I didn’t realize how many of the contributors come from more conservative, evangelical backgrounds and denominations/sects. These contexts have shaped their experiences profoundly, and many of their essays convey the dissonance between where they may have started and where they have come. My writing takes for granted that I’m steeped in mainline to liberal protestant Christianity, which is fine because that is my context. However, there are things I gloss over about that, and seeing it as part of a compilation now, I’d have done more to name the relative openness of United Methodism to women as leaders and pastors, and the progressive theology that is my oxygen, from which statements like breastfeeding my daughter in the sanctuary was sacramental come.
I’d have left out the Reverend in my name in my bio, seeing as no one else used it where applicable, and now I feel stuffy. I would of course have changed my last name entirely (the legal change happened even after the very last last last proof went to print), but I am glad I did not excise evidence of my then husband from the piece. He was and is part of the story.
I’d have submitted a better picture, without a robe. But hey, I was distracted at the time, and felt horrible about both my body and my life. I didn’t have a lot of pictures of me smiling. Too vulnerable? Too real?
My learning continues.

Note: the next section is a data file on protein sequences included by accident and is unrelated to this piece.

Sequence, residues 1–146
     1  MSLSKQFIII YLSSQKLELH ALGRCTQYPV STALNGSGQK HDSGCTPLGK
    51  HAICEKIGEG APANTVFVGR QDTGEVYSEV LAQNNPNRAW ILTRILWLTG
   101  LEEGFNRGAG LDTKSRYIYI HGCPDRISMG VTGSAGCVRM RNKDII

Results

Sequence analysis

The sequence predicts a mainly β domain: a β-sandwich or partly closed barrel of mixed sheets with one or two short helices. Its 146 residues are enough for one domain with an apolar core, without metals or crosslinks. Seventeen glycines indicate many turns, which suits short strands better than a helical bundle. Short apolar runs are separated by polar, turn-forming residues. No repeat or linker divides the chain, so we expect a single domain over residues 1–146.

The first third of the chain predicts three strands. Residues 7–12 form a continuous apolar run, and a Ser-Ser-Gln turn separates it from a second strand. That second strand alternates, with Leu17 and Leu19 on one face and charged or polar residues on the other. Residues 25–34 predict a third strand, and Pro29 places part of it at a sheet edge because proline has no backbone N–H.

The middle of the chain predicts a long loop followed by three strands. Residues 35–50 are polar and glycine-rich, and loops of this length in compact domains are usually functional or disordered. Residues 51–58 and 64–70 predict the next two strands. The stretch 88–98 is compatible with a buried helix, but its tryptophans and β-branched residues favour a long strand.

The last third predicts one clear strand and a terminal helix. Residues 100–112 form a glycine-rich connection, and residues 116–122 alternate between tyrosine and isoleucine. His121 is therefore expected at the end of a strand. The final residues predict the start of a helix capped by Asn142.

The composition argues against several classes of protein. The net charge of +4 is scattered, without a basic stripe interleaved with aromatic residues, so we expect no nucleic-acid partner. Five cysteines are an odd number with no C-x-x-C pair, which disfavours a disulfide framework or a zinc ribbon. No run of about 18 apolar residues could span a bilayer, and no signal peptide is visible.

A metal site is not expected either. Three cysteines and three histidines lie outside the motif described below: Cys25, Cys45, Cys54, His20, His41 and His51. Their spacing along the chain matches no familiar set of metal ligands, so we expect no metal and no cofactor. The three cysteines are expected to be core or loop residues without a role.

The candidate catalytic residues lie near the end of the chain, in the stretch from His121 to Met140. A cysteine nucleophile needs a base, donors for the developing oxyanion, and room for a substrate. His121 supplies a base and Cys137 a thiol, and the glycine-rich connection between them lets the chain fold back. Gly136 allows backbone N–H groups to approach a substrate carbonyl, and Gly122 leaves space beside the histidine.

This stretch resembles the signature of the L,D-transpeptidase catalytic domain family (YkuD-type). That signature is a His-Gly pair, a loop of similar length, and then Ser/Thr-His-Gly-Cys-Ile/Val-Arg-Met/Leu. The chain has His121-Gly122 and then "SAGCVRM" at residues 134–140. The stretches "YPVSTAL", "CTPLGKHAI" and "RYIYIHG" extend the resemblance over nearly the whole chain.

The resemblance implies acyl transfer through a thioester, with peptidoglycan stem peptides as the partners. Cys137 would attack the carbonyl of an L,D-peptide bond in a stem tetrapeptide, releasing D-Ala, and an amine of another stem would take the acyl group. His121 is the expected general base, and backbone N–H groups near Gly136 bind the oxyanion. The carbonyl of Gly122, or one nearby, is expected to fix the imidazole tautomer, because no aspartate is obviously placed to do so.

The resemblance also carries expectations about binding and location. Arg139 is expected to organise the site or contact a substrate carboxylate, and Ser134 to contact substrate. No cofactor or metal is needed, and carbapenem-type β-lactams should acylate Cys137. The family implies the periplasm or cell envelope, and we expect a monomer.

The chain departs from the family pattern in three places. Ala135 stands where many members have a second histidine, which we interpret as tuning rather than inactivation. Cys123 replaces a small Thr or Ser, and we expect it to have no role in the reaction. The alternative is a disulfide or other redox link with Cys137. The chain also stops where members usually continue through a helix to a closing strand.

Looking for a place to purchase Talking Taboo?
1. Let me know if you’d like to buy a (n autographed) copy from me and I can order up a box to sell and share.
2. Contact a bookstore near you and ask them to carry the book– this is great for spreading the word!
3. Buy from the publisher, White Cloud.
4. Buy from Amazon.
rough manuscript, by Rev. Becca Girrell Clark – 7/21/13
A child was walking along the road from the convenience store to the suburb, when he was set upon by a man who wanted to be a hero. The man stalked him, engaged him– we do not know for sure how the child responded. And the man shot him, dead.
Neighbors heard the altercation outside, but they did not want to get involved and so the neighbors passed by on the other side. Police arrived on the scene, but the man with the gun said he’d been afraid for his own life, and so they did not book him, or take him into custody, or press charges against him, and the police passed by on the other side. The law of Florida retained that a person (although maybe not a black person and maybe not a female person, but a person) could carry and use a weapon, could use deadly force when they believed their life was in danger, and so the law of Florida passed by on the other side. A jury of this man’s peers, not the victim’s peers, not the boy dead beside the road’s peers, but the gunman’s peers, listened to the evidence, tried to determine if the boy had posed a threat to the man with the gun, and they determined the man with the gun was not guilty of murder or of manslaughter, and the jurors passed by on the other side (one of them stopping a day later to sign a book deal). Good Samaritans and Good Samaritans wannabees wept and wore hoodies and mailed empty packets of skittles from the comfort of their quiet neighborhoods and their safe roadways, and, grieving yet alive, passed by on the other side.
Martin Luther King, Jr said once that Sunday morning at 11 o’clock (or in our case 10 o’clock) was the most segregated hour in American Christianity, with people worshipping almost exclusively along racial lines. We give thanks that our congregation is blessed by each member, and that we are growing in diversity in many ways—racially, socioeconomically, politically, theologically, in terms of orientation and age and place of origin, and we give thanks especially for our children, who lead us in song and prayer and life together, regardless of the things adults might see as differences.